The adage goes that there’s no such thing as a stupid question. I’ll go with that. Sometimes, even the “stupid” question will stimulate discussion and thought that wouldn’t have happened had everyone just gone along. Therefore, it’s important for engineer leaders to develop the courage to ask any and all questions that come to mind. There have been situations throughout my career when I didn’t ask a question because I assumed I knew the answer or that the question I had wasn’t important. While I like to think of myself as someone who’s always engaged, and engaging, the fact is I would sometimes leave ambiguity on the table.
This isn’t the case any longer. Through experience – both good and bad – I’ve learned that you never leave ambiguity on the table. When a question arises in your mind, ask it. If the answer isn’t available from the team, then ask the next question: “who has the answer?”
A leader doesn’t need to have all of the answers herself, but does need to have the courage to ask the question and then find out who does have the answer.
Reasons to Question
If there were such a thing as a list of unalienable rights for leaders, the right to question would be listed. Along with providing a vision and providing the resources/environment for a team to succeed, a leader has the right to question.
If you’re new to leadership or not comfortable with questioning, here are seven reasons to exercise your right to question:
1. Stimulates Creative Thinking and Problem Solving. Asking questions of yourself or your team can get the creative juices flowing and help to generate different courses of action for solving problems. The range of questions is infinite, but here are a few to get you started:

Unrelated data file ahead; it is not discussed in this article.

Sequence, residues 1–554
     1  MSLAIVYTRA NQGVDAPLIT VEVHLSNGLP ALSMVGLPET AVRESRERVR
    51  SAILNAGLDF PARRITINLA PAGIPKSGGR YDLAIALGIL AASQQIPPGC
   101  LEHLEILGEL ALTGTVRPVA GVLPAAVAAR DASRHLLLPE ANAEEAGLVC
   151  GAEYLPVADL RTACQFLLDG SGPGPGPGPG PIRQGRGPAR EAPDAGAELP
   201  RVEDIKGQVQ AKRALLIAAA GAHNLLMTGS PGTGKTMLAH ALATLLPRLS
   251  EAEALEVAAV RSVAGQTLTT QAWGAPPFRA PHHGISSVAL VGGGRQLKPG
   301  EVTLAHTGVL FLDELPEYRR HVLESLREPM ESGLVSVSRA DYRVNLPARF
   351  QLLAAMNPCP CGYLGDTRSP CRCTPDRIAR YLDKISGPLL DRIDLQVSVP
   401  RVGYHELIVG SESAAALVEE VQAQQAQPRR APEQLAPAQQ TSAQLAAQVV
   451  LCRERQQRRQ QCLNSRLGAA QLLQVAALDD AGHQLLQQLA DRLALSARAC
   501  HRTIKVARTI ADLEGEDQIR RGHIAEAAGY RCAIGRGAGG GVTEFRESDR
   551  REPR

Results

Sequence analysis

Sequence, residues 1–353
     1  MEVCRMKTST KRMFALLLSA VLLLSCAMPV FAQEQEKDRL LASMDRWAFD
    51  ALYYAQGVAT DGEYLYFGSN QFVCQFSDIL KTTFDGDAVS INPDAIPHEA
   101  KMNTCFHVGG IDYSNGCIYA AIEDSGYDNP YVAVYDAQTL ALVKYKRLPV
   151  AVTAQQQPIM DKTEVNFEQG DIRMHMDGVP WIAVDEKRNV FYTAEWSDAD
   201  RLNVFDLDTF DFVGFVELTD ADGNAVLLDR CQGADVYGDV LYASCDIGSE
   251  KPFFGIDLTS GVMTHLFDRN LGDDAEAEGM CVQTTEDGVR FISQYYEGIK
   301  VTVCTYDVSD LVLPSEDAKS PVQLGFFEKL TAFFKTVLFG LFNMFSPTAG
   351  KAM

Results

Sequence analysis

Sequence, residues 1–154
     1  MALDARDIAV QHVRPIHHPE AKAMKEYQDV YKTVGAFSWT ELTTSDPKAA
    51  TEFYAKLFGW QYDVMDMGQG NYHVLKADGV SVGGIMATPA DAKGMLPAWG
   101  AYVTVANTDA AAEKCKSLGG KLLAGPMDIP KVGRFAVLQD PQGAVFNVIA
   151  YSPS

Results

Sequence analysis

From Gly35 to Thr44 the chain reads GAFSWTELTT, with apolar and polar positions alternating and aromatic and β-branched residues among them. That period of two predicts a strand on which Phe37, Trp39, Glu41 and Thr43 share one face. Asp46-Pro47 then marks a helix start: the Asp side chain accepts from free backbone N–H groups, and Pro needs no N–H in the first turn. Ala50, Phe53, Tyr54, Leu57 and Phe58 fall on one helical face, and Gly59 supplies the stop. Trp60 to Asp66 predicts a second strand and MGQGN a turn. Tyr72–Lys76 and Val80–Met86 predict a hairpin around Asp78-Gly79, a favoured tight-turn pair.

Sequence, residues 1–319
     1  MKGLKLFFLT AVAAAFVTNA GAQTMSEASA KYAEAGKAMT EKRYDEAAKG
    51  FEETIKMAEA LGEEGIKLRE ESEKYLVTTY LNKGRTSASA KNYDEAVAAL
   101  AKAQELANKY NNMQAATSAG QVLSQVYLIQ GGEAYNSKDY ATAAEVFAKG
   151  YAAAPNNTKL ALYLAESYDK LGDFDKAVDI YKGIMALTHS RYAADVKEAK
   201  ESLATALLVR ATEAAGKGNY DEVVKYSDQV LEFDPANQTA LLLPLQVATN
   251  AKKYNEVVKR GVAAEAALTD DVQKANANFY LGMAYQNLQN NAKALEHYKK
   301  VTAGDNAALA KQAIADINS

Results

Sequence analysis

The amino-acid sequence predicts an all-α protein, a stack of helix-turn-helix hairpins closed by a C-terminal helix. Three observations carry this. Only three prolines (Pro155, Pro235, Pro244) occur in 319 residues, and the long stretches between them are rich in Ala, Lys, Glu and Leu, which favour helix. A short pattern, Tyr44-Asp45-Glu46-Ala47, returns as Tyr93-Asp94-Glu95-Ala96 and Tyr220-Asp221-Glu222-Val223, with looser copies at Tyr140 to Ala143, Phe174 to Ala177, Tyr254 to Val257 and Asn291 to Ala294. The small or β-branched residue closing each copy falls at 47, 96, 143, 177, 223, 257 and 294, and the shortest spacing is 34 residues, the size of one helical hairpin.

What is the problem and how do we know that?
What are the three ways we can solve it?
What if these aren’t available to us? What’s another way?
Who can help us develop solutions?
The questions you ask in stimulating creative thinking can always be bolstered with the simplest question to ask: why?
Practitioners of 6-sigma use the 5-Why exercise to determine the root-cause of issues. It’s highly effective in understanding the underlying components of any issue and will help illuminate the relationship between the root-causes. And it’s extremely simple to use in any situation.
2. Improves Processes and Procedures. In any leadership role, whether in business, the public sector or a non-profit organization, you will find processes and procedures. This managerial action is vital to any organization’s ability to get things done, deliver value and provide a product or service. Without processes and procedures, modern life would be hell!
However this doesn’t mean there isn’t going to be room for improvement with these processes and procedures. With the beginning of the Industrial Revolution came the start of the science of management. Total Quality Management, Rapid Improvement Events, and the body of knowledge in 6-sigma and LEAN, each is focused on improving the processes and procedures of organizations.
As an engineer leader, you don’t have to be a certified 6-sigma black belt or have hours of study in Total Quality Management principles to use questions to make the processes and procedures in your organization better. You simply need to know that it might be done better and ask questions such as:
How could we do this better?
Does this process/procedure generate the result our customer/client/the boss needs? If not, why?
How much time do we spend on this process? Could we reduce it?
Can I delegate this process? Outsource it?
Does this procedure enable good decisions and a quality product/service, or hinder it?
3. Leads to Insight and New Ideas. Often times the best way to accomplish something is the way you know how to do it. If you know that process A yields desired result B, fixing something that isn’t broken will be a waste of time and energy. In this case, using tried-and-tested methods is smart. However, you might be faced with a situation where the tried-and-tested doesn’t work because the environment has changed, technology has advanced, or you and your team are simply out of touch with what’s needed. read more